CINCINNATI (AP) — A 20-year-old Ohio man charged with plotting an attack at the U.S. Capitol was ordered held without bond Friday after a federal magistrate concluded he was a danger to the community.
Christopher Lee Cornell appeared before U.S. Magistrate Judge Stephanie Bowman in a brief detention hearing Friday afternoon. He was brought to the federal courthouse in downtown Cincinnati under tight security from the jail some 30 miles away where he's been held since after his arrest Wednesday outside a gun shop.
Cornell planned to "wage jihad" by attacking the Capitol with pipe bombs and shooting government officials and employees, the FBI said in court documents.
"I feel that the danger to the community is such that I cannot order bond today," Bowman said, noting that messages attributed by federal authorities to Cornell had him discussing extreme violence.
She agreed with the recommendation by Tim Mangan, an assistant U.S. attorney, who called Cornell a flight risk and a danger to the community for allegedly creating the kind of terrorist plot that "is the most pressing threat to our public safety."
An assistant federal public defender, Karen Savir, had asked that Cornell be released with electronic monitoring to his parents' apartment in suburban Cincinnati. She said he had no history of serious trouble and didn't even have a passport.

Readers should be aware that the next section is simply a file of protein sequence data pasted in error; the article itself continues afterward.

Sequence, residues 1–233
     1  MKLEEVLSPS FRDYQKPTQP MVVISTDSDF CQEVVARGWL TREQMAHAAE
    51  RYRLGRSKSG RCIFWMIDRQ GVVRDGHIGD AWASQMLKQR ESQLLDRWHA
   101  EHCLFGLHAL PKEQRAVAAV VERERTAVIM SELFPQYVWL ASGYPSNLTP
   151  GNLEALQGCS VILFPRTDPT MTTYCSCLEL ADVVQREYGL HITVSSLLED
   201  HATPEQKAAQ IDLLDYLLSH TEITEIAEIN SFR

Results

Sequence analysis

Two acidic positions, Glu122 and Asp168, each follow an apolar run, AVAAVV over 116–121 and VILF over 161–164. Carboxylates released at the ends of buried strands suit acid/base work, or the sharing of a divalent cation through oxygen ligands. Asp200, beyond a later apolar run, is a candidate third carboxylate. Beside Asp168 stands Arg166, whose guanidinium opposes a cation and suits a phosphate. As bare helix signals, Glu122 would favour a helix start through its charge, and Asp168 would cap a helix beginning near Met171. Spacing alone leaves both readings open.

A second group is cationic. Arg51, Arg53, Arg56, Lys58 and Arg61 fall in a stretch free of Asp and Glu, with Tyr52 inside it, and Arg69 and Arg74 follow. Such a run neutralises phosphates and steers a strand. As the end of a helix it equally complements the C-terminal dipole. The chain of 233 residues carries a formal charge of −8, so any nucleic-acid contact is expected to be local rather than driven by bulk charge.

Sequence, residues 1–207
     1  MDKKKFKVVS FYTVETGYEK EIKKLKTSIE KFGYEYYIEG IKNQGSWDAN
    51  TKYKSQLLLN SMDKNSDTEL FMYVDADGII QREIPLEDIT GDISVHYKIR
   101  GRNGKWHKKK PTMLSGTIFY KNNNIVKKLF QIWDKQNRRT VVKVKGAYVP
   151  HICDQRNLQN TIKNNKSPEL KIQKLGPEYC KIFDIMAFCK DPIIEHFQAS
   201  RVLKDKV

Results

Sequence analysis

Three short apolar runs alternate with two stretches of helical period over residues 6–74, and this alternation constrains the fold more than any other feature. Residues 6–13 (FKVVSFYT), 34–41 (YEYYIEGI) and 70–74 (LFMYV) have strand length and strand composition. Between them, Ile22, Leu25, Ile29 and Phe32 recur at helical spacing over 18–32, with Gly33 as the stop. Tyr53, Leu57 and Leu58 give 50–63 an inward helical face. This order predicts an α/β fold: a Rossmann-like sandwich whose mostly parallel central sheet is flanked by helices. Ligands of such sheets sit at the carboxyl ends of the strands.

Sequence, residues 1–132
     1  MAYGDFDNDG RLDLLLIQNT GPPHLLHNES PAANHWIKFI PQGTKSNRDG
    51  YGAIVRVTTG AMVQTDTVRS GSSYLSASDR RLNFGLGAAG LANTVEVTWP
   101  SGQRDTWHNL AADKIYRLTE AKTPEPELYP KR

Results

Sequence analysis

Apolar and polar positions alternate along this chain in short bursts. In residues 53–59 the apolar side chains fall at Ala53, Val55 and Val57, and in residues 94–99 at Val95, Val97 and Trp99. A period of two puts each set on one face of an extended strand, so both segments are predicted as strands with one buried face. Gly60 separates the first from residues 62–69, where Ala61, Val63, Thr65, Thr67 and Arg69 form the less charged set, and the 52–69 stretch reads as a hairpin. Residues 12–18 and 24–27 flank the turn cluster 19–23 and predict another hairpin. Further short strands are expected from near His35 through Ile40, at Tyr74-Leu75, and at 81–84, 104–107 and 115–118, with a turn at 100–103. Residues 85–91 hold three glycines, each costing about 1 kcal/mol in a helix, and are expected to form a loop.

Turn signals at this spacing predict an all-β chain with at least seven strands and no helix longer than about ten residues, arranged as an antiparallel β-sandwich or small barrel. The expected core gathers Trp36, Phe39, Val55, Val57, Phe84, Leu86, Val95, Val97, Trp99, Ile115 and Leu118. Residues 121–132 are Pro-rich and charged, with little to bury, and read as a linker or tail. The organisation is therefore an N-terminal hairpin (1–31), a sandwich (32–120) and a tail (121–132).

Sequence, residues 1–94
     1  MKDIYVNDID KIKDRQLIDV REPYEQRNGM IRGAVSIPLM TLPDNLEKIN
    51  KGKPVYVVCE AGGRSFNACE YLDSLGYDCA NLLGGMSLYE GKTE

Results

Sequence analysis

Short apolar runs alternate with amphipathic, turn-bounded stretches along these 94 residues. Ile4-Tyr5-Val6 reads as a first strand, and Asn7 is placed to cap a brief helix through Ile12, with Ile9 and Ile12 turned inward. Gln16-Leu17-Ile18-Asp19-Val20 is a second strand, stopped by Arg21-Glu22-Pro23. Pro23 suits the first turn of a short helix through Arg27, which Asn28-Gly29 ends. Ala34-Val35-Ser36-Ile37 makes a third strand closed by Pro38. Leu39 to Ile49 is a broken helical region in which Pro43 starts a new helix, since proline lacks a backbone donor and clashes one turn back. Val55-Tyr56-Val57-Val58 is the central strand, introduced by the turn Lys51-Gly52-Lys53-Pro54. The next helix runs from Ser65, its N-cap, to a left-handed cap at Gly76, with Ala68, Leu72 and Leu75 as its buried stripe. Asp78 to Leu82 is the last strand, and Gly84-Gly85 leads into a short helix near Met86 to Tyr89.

She added that he was "eager to appear in court" to defend against the allegations.
She also told Bowman that Cornell wants to be addressed by his Muslim name, Raheel Mahrus Ubaydah, and have access to a prayer mat and a clock so that he can continue his religious practices in the Butler County Jail. He also wants to be taken off suicide watch, she said.
Wearing county jail clothing with orange-and-white stripes and in ankle shackles, Cornell spoke quietly at the defense table with Savir. His parents and other family members were in the front row and were warned to be quiet after shouts including "Love you, Chris!"
Cornell's father, John Cornell, has said his son was set up by a "snitch" who was trying to help himself. He described his son as a "mommy's boy" who spent hours playing video games in his bedroom. He also said his son was "at peace" after becoming a practicing Muslim.
"He was dragged into this," Cornell said before the hearing. "He was coerced."
His son had long expressed distrust of government and the news media, and local police said he disrupted a 9/11 memorial ceremony in 2013.
The FBI said he had for months sent social media messages and posted video espousing support for Islamic State militants and for violent attacks by others. Cornell told an informant they should "wage jihad," authorities said in court papers.
Similar stings in recent years have led to accusations of entrapment. But the FBI has argued such stings are vital for averting deadly terror attacks, and juries have returned tough sentences.
It was unclear from court papers if Cornell had made contact with any terrorist groups.
Associated Press writers Jennifer Smola and Mitch Stacy in Columbus, Ohio, and Eric Tucker in Washington contributed to this report.
Contact Dan Sewell at http://www.twitter.com/dansewell